Case 23: The ‘Encircling’ RIB
Image Courtesy of Maritime Accident Investigation Branch at https://www.gov.uk/government/uploads/system/uploads/attachment_data/file/512603/MAIBSafetyDigest1_16.pdf

But for the bold third boat owner, the encircling boat could have caused serious injuries to someone else in the vicinity. And it was a miracle the boat did not injure its owners. Always engage the kill cord before operating a boat.

You will also do well to follow the CLEAR before the boating ride:

  • C for (functional) communication equipment
  • L for lifejacket
  • E for (proper) equipment
  • A for able / ability to plan the trip
  • R for ready / readiness

Case 24 portrays the trouble that the crew of a powerful, 6.2 meter RIB got into by ignoring the forecast for heavy sea. The RIB capsized. What saved them was the fact that the crew wore lifejackets and that the accident occurred close to the shore where onlookers spotted them.

 

Finally

Case 24: The Recovered RIB Image Courtesy of Maritime Accident Investigation Branch at https://www.gov.uk/government/uploads/system/uploads/attachment_data/file/512603/MAIBSafetyDigest1_16.pdf

Case 24: The Recovered RIB
Image Courtesy of Maritime Accident Investigation Branch at https://www.gov.uk/government/uploads/system/uploads/attachment_data/file/512603/MAIBSafetyDigest1_16.pdf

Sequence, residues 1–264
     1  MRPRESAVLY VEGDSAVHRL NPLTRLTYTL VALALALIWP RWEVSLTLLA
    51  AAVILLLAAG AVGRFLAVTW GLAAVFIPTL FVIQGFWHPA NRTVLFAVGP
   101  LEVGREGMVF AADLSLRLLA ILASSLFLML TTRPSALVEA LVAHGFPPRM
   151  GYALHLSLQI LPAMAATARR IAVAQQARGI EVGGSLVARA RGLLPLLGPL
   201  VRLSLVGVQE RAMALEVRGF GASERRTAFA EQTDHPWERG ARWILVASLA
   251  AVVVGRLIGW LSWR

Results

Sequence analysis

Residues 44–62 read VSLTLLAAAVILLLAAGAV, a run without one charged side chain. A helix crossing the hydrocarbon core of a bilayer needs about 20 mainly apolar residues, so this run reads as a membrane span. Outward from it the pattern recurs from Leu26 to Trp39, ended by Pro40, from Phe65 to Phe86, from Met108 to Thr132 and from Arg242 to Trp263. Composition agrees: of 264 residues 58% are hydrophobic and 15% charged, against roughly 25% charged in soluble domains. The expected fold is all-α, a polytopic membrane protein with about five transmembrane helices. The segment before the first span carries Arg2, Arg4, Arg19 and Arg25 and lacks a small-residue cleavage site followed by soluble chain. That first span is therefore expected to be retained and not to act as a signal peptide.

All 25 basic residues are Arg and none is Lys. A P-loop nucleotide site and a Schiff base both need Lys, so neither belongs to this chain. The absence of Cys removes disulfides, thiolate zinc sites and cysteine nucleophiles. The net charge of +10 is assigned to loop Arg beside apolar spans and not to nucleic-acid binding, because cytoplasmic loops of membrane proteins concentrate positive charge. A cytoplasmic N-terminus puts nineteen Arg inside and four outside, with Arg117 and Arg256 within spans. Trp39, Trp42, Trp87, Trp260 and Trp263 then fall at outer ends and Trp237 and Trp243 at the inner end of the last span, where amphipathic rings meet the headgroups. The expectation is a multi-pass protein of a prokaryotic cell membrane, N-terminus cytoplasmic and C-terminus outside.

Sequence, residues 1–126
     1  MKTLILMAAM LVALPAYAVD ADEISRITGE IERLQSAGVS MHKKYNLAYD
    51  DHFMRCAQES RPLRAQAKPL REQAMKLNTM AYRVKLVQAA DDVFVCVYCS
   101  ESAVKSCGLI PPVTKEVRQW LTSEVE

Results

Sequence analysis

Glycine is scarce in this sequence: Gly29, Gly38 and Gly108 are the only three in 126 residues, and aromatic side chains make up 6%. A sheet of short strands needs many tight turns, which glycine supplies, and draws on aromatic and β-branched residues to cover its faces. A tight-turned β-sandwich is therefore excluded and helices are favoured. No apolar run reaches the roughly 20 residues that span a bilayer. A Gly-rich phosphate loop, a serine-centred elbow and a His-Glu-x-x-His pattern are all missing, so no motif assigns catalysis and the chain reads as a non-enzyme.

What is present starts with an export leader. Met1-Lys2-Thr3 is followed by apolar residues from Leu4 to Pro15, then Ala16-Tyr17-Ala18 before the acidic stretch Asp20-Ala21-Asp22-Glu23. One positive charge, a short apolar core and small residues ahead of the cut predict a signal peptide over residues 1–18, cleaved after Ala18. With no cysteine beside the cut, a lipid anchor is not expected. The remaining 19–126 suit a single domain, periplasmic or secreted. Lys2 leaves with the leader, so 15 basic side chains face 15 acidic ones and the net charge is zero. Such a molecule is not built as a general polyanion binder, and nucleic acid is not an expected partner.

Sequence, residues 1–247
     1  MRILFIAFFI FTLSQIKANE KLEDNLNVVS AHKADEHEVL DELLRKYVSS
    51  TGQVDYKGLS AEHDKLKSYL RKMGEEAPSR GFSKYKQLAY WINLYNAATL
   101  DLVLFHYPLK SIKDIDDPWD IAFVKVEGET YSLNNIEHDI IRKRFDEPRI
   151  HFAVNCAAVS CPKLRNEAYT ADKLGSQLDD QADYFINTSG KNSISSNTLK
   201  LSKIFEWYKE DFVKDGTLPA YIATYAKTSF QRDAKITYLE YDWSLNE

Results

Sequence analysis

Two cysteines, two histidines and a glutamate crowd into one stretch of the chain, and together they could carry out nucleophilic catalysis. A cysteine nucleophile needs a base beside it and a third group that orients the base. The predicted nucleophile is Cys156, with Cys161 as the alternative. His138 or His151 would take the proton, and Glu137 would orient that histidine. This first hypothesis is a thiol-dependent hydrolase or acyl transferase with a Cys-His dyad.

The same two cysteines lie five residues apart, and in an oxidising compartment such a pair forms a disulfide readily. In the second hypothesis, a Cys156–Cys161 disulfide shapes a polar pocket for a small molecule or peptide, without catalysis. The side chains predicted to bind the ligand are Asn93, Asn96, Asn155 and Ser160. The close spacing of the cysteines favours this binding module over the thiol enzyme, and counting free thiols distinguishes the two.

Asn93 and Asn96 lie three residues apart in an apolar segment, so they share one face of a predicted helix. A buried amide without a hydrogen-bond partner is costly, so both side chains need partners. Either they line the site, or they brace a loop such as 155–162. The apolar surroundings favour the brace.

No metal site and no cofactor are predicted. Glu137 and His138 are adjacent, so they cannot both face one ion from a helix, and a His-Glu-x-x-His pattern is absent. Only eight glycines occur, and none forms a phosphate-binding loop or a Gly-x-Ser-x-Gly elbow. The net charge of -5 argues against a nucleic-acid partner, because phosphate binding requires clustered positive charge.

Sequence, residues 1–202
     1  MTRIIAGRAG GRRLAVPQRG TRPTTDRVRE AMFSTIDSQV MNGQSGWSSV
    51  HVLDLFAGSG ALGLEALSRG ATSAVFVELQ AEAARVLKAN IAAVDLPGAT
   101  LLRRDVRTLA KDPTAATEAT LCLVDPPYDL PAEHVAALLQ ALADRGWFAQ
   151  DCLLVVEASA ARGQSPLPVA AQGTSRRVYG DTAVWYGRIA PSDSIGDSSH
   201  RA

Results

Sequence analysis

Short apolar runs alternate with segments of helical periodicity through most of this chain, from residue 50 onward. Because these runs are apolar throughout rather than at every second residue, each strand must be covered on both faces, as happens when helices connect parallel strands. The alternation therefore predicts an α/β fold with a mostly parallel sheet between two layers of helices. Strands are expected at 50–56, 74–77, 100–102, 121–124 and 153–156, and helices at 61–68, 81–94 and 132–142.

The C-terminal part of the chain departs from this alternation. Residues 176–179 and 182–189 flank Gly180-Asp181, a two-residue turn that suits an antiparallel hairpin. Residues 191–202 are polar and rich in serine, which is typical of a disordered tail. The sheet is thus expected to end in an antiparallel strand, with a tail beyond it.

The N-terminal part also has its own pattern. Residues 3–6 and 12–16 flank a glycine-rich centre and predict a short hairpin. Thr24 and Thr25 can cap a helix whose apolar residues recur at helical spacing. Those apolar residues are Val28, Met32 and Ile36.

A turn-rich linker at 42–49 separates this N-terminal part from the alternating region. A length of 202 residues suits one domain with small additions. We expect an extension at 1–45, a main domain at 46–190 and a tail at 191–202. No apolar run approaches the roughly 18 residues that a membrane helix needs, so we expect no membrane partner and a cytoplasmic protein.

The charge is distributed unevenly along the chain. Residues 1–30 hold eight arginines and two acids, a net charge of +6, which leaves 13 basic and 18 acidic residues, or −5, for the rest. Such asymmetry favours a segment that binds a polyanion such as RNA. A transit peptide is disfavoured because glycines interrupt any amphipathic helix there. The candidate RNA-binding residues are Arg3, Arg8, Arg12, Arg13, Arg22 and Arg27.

In 2013 on his way to the Round Ireland RIB Challenge, Andy Proudfeet erred in judging a 24 knot wave and went overboard his RIB. His lifejacket-attached VHF device smashed on impact with water even as his boat drifted away. Andy Proudfeet drifted for three hours before rescue.

What saved him was that he was wearing a lifejacket, had attached the kill cord, was RYA trained, and used the PLB. Of course, there is the all important professional response of the rescuers. Precisely how training, experience, and equipment can save you under testing circumstances.

Technology will continue to expand its utility. But any further improvement of safety in the maritime sector will be the result of improved safety cultures that focus on humans, not machines. Management people have their task cut out.

And there has to be a halfway meeting ground between the human element and the other facets – technological and organizational. Humans have to adapt to technological and organizational changes. But technology and organizations cannot ignore human limitations. Bon Voyage!